Emerging markets are an important part of a well-diversified global equity portfolio. However, recent history reminds us that they can be volatile and can perform differently than developed markets. In THIS ARTICLE, Dimensional provides a longer historical perspective on the performance of emerging markets and the countries that constitute them.
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Investments involve risks. The investment return and principal value of an investment may fluctuate so that an investor’s shares, when redeemed, may be worth more or less than their original value. Past performance is not a guarantee of future results. There is no guarantee strategies will be successful.
International investing involves special risks, such as currency fluctuation and political instability. Investing in emerging markets may accentuate these risks. Sector-specific investments can also increase investment risks.
Diversification neither assures a profit nor guarantees against loss in a declining market.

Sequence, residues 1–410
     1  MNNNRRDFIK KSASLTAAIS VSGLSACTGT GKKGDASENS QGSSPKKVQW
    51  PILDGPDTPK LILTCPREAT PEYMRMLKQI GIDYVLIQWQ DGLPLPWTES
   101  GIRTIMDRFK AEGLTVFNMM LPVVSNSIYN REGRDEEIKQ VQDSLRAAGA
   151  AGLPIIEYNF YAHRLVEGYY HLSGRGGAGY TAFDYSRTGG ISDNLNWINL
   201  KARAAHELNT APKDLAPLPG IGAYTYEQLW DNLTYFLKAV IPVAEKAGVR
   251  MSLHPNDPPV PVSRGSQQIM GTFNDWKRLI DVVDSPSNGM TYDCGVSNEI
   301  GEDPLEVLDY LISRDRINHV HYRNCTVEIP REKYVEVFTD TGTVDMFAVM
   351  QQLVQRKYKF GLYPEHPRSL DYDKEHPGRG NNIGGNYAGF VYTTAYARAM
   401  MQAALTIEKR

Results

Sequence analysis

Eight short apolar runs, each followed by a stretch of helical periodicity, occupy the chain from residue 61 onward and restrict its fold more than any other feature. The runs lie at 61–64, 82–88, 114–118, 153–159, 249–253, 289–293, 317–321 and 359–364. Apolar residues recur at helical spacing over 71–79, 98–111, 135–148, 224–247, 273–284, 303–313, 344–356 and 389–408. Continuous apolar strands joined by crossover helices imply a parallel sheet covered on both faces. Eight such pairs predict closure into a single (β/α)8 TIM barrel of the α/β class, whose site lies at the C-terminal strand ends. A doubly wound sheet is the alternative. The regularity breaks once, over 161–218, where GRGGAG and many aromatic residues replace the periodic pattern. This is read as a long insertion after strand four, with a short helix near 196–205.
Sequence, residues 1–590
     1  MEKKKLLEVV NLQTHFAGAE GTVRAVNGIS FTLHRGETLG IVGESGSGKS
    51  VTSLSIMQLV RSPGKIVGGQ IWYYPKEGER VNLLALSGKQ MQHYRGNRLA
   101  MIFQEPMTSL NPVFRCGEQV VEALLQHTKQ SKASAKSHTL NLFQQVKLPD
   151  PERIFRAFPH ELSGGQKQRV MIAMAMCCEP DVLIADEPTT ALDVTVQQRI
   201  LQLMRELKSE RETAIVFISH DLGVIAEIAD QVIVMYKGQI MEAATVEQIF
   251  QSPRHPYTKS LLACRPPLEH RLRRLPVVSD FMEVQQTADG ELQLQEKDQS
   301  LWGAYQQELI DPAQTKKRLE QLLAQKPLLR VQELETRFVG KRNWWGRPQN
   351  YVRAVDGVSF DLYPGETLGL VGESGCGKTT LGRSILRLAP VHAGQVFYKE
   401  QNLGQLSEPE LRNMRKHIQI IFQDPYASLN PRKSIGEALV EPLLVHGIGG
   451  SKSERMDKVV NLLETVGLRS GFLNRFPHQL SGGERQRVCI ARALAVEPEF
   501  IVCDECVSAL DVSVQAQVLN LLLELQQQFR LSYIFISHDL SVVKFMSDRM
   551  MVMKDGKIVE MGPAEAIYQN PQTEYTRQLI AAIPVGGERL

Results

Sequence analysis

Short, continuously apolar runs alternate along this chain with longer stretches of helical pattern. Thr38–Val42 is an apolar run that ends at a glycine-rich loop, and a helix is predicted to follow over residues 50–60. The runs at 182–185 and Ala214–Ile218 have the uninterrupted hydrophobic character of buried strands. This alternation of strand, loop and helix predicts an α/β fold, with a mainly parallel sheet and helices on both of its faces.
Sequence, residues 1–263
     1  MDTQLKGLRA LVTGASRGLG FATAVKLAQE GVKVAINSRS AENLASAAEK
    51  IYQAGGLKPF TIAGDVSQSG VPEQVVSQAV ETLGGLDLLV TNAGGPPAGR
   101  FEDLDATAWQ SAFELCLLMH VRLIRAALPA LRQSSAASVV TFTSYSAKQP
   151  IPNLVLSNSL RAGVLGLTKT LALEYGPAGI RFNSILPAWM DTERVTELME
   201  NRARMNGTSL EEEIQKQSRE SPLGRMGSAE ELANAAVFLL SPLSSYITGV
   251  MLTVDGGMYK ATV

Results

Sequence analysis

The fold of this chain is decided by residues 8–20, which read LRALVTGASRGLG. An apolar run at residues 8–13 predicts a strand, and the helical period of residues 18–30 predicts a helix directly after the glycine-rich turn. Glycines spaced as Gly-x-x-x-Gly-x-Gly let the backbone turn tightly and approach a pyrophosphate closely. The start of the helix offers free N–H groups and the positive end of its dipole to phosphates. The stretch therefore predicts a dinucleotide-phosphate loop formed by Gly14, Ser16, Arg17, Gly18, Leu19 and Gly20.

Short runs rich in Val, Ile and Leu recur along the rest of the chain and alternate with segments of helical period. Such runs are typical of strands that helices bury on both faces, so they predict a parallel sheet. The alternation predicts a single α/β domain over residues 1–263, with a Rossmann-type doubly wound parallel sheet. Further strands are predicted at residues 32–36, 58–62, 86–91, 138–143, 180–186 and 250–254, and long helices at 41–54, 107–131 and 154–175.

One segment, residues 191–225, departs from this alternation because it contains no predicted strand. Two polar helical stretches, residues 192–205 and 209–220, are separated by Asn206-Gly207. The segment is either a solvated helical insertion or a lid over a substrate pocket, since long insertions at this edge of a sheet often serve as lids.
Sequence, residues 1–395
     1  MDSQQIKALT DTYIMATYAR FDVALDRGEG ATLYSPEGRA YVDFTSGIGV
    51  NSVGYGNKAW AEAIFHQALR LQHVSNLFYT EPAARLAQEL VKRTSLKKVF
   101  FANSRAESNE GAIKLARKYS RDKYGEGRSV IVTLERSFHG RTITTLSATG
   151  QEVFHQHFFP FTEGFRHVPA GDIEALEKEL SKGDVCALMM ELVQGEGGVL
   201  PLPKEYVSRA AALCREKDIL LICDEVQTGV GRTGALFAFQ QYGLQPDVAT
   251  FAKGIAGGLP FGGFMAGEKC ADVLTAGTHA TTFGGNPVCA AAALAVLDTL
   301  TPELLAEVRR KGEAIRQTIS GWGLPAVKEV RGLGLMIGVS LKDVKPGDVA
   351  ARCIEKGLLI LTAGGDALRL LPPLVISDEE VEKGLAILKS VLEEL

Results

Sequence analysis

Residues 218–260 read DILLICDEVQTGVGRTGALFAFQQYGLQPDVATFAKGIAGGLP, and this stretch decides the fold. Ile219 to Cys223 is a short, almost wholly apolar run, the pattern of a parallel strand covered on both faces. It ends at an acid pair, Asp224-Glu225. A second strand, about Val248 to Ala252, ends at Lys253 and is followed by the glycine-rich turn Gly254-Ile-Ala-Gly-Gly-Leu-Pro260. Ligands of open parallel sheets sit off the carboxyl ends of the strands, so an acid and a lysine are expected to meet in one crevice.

Securities lending is an over-the-counter market that involves the borrowing and lending of securities predominantly for the purpose of covering short-sale positions. Participants include pension funds, mutual funds, and foundations, which lend their security holdings, as well as option traders, hedge funds, and other asset managers, which borrow security holdings. These parties rely on their respective intermediaries (custodians for the lenders and prime brokers for the borrowers) to broker their transactions and manage counterparty risk.
Securities lending involves risks. Revenue is not guaranteed and may fluctuate. Lending activities are conducted by the lending agents for the funds.